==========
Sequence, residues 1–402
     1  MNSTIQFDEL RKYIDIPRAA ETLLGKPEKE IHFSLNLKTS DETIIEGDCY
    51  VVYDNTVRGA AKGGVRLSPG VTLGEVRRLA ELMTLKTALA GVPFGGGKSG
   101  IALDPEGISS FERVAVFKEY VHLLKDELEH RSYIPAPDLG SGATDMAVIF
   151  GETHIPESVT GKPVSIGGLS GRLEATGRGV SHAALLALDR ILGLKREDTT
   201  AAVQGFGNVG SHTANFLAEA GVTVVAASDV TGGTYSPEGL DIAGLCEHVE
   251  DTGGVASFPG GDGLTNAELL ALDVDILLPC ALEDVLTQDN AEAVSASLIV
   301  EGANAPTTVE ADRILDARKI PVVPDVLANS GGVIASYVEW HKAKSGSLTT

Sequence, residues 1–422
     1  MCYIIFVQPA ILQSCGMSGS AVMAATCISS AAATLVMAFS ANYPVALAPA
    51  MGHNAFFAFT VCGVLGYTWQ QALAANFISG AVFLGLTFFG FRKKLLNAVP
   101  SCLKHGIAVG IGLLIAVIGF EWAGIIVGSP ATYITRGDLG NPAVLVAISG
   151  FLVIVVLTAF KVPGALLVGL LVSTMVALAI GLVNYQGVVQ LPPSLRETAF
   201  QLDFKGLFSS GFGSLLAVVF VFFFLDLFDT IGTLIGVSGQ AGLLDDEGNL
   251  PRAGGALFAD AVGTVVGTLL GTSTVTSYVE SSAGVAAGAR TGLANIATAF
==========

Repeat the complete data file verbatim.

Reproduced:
Sequence, residues 1–402
     1  MNSTIQFDEL RKYIDIPRAA ETLLGKPEKE IHFSLNLKTS DETIIEGDCY
    51  VVYDNTVRGA AKGGVRLSPG VTLGEVRRLA ELMTLKTALA GVPFGGGKSG
   101  IALDPEGISS FERVAVFKEY VHLLKDELEH RSYIPAPDLG SGATDMAVIF
   151  GETHIPESVT GKPVSIGGLS GRLEATGRGV SHAALLALDR ILGLKREDTT
   201  AAVQGFGNVG SHTANFLAEA GVTVVAASDV TGGTYSPEGL DIAGLCEHVE
   251  DTGGVASFPG GDGLTNAELL ALDVDILLPC ALEDVLTQDN AEAVSASLIV
   301  EGANAPTTVE ADRILDARKI PVVPDVLANS GGVIASYVEW HKAKSGSLTT

Sequence, residues 1–422
     1  MCYIIFVQPA ILQSCGMSGS AVMAATCISS AAATLVMAFS ANYPVALAPA
    51  MGHNAFFAFT VCGVLGYTWQ QALAANFISG AVFLGLTFFG FRKKLLNAVP
   101  SCLKHGIAVG IGLLIAVIGF EWAGIIVGSP ATYITRGDLG NPAVLVAISG
   151  FLVIVVLTAF KVPGALLVGL LVSTMVALAI GLVNYQGVVQ LPPSLRETAF
   201  QLDFKGLFSS GFGSLLAVVF VFFFLDLFDT IGTLIGVSGQ AGLLDDEGNL
   251  PRAGGALFAD AVGTVVGTLL GTSTVTSYVE SSAGVAAGAR TGLANIATAF